Here is my submission for the Thousand Year Game Design Challenge.
The contest information can be found here at Daniel Solis’ blog:
The Thousand-Year Game Design Challenge


Antipode is a two player abstract strategy game.

– 1 game board
– 2 pawns (1 red, 1 blue)
– 61 tokens (red on one side, blue on the other side)

The object is to form a line of your tokens across the board. To win, the line must stretch from any corner to the exact opposite corner. The tokens do not need to form a straight line, they just need to form a complete connection.

1. Place the board between the two players so that each player is directly in front of one corner point.
2. Place a token on each corner point, alternating colors around the board. The corner in front of each player should correspond to the color they have chosen for play.
3. Place each player pawn directly on top of the token in the corner point in front of each player.
4. Place the remaining tokens in a position off the board that both players can easily reach. These tokens are the ‘pool’.


Game is ready to play

Starting the Game
The board should now be set up  so that each player is directly in front of his own pawn which is on top of a token of the same color, and should see two other tokens of that color in the corners diagonally across the board. In this game, blue always takes the first turn. Each turn consists of two steps which must be completed.

Step One: Placing a token
On your turn, your first action is to place a token on the board with your color facing up. You may place a token on any unoccupied space. Be aware that placing a token may cause other tokens to be flipped (see ‘Flipping tokens’ below). Before taking action with step one, you MUST be sure that it allows for step two to be possible.

Step Two: Moving your pawn
The second step of your turn is to move your pawn. You may move your pawn any number of spaces in a straight line, making no turns in the process. (Note that a straight line is considered to pass over a full space. You cannot, therefore, move in a position that would cause you to skip spaces by traveling the line between two spaces.) Your pawn must come to rest on a token of your own color. You may not land on an empty space, or one of your opponent’s tokens. While you are allowed to pass over as many tokens and empty spaces as you wish, you may not, under any circumstances, pass over your opponent’s pawn. Passing over tokens causes them to be flipped (see ‘Flipping tokens’ below). If you cannot make a legal move with your pawn, you must reverse your token placement for this turn and try again.

Each player has taken one turn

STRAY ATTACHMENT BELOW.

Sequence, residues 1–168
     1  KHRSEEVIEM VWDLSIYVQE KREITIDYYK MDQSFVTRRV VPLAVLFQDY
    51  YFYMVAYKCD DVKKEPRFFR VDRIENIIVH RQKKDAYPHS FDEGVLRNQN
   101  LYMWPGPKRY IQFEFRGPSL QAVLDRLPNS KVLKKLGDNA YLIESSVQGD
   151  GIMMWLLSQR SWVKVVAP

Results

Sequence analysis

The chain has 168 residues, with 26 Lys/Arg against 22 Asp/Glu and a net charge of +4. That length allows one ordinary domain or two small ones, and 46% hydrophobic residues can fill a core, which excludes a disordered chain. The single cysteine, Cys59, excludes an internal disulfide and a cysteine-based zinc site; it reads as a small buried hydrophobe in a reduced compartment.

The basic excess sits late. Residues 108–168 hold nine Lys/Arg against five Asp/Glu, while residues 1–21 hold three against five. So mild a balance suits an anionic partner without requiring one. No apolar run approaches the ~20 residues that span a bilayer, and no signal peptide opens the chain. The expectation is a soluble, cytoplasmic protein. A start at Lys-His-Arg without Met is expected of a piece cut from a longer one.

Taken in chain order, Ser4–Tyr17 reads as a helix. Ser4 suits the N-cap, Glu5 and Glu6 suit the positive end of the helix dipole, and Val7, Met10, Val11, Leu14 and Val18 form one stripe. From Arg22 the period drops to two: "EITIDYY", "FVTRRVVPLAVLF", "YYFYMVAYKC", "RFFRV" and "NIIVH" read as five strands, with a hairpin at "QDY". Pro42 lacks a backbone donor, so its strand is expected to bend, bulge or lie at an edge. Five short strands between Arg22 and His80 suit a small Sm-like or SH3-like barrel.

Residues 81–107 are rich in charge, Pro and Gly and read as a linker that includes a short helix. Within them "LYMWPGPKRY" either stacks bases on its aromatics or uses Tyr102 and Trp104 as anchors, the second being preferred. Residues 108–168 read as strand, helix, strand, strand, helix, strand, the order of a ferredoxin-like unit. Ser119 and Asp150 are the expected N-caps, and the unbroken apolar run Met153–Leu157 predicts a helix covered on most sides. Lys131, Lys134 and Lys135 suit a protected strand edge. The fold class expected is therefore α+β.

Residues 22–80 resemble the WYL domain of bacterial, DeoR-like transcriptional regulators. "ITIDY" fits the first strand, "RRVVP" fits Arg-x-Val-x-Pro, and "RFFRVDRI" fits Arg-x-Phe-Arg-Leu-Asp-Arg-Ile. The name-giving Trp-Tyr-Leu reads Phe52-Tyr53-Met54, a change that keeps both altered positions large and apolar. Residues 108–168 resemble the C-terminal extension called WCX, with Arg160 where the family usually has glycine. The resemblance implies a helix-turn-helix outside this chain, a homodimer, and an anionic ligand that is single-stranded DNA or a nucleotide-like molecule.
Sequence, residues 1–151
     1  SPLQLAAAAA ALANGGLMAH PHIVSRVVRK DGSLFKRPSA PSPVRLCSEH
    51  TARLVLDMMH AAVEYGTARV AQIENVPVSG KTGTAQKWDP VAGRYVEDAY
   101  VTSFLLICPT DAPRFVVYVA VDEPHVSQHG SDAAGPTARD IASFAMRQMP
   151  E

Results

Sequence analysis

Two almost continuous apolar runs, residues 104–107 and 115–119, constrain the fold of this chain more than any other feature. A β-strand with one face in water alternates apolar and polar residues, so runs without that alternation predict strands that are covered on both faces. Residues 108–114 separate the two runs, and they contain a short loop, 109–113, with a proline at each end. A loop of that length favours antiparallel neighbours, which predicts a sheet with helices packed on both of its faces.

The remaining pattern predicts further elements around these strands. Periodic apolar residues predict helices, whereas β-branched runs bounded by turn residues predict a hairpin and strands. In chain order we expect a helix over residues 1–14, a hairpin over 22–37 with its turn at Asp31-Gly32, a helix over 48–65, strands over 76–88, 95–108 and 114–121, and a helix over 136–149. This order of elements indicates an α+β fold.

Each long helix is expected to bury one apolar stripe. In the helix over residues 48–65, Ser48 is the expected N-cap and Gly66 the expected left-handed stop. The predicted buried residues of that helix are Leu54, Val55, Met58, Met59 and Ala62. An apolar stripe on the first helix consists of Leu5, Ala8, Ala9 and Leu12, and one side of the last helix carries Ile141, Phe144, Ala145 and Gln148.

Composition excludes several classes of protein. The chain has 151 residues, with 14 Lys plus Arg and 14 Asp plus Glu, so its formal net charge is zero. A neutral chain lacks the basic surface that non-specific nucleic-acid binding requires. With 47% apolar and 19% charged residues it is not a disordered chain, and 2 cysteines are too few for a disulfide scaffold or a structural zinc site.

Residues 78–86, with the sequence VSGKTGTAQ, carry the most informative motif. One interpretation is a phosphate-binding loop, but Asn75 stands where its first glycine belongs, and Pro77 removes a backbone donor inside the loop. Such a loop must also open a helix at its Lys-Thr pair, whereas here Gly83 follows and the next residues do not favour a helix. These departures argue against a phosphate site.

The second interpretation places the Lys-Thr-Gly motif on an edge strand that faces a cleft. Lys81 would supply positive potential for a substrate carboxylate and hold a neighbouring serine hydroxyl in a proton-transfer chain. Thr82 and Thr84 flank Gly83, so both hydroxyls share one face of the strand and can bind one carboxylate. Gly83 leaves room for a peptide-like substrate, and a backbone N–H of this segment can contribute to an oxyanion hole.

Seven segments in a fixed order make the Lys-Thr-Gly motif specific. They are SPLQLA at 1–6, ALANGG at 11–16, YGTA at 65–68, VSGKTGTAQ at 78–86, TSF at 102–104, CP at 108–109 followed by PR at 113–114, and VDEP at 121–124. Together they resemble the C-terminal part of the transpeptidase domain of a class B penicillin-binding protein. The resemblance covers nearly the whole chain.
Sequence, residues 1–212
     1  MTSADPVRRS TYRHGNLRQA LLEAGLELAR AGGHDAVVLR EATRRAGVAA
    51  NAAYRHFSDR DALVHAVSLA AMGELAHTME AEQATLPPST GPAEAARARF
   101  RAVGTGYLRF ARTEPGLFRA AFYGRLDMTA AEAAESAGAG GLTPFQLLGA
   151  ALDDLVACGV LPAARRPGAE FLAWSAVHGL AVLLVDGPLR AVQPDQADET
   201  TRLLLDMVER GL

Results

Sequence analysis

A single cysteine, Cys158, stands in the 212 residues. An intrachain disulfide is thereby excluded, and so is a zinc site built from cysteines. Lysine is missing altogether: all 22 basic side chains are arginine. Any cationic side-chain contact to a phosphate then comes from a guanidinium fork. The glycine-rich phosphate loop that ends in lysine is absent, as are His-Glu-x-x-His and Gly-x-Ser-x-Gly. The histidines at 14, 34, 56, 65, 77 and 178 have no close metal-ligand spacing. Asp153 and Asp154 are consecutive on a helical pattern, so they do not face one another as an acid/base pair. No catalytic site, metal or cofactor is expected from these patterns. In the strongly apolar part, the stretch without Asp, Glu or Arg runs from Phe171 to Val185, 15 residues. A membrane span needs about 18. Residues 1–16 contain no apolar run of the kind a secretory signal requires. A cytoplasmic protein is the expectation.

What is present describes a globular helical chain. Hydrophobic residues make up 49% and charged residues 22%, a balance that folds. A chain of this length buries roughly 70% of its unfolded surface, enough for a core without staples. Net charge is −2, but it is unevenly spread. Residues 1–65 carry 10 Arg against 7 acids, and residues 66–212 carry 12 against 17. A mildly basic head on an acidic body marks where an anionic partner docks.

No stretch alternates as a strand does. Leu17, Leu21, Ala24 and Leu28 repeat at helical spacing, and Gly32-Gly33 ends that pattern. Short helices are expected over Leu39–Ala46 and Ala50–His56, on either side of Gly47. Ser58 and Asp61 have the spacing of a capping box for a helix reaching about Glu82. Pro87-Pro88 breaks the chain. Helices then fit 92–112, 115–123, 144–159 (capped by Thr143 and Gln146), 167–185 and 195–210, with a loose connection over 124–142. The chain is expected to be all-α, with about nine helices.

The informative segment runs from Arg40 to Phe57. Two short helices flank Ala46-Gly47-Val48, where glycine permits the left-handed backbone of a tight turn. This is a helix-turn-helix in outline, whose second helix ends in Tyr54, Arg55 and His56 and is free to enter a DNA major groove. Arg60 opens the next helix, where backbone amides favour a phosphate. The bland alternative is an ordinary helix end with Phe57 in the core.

Flipping tokens
As stated above, each part of a player’s turn may cause tokens on the board to be flipped. Here are the rules that govern token flipping:
1. When a token is placed, any tokens in the spaces immediately adjacent to the space in which the token was played must be flipped. This means that you can turn your opponent’s tokens into your own, but also that you may cause your own tokens to flip to your opponent.
2. When moving your pawn, any tokens that your pawn passes over must be flipped over to display the opposite side. Just like with token placement, this applies to both players, so your opponent’s tokens become yours and vice versa.
3. EXCEPTION: A token occupied by either player’s pawn is protected, and therefore not affected by the ripple.

This is several moves into the game

The board is filling up!

Blue is in a good position here, but it's Red's turn!

End of the game
The game ends when one player successfully makes a connection from any one corner to that corner’s exact opposite. This means the connection will cover a minimum of nine spaces. As stated above, the connection does not need to form a straight line.
IMPORTANT: A connection is not considered complete unless it remains so after the second part of the player’s turn. For example, if you complete a connection by placing a token and flipping others, the game is not yet over. You MUST be able to legally move your pawn. If moving your pawn breaks the connection, the game is not yet over!

Blue makes a complete connection and wins the game.

If you manage to trap your opponent is such a way that it is impossible for that player to make a legal move with the pawn, you are considered to win by forfeit.
Eventually, the token in a given corner space can no longer be flipped, causing that corner to be ‘locked’ to one player. Be alert about this, as you may find yourself unable to complete a connection when this happens!


One Response to “Antipode”

  1. Daniel Solis: Thousand Year Game Design Challenge - June Update Says:

    […] suggests using poker chips on a mouse board, but you can play this with rocks or via forum post. Antipode by Shane Hendrickson Much like the classic game Hex, your goal is to connect two sides of the […]

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